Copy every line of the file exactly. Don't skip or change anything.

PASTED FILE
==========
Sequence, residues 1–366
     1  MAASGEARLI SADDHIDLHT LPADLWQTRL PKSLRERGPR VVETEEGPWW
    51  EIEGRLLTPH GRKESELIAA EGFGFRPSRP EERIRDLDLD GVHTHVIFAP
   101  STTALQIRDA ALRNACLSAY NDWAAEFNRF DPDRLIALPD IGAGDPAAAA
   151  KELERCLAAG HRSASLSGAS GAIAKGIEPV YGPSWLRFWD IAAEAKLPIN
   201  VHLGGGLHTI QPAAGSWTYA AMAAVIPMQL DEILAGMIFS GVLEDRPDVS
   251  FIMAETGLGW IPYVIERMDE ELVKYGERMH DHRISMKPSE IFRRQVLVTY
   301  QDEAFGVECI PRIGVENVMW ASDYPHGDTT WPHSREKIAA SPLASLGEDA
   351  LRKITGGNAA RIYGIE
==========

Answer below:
Sequence, residues 1–366
     1  MAASGEARLI SADDHIDLHT LPADLWQTRL PKSLRERGPR VVETEEGPWW
    51  EIEGRLLTPH GRKESELIAA EGFGFRPSRP EERIRDLDLD GVHTHVIFAP
   101  STTALQIRDA ALRNACLSAY NDWAAEFNRF DPDRLIALPD IGAGDPAAAA
   151  KELERCLAAG HRSASLSGAS GAIAKGIEPV YGPSWLRFWD IAAEAKLPIN
   201  VHLGGGLHTI QPAAGSWTYA AMAAVIPMQL DEILAGMIFS GVLEDRPDVS
   251  FIMAETGLGW IPYVIERMDE ELVKYGERMH DHRISMKPSE IFRRQVLVTY
   301  QDEAFGVECI PRIGVENVMW ASDYPHGDTT WPHSREKIAA SPLASLGEDA
   351  LRKITGGNAA RIYGIE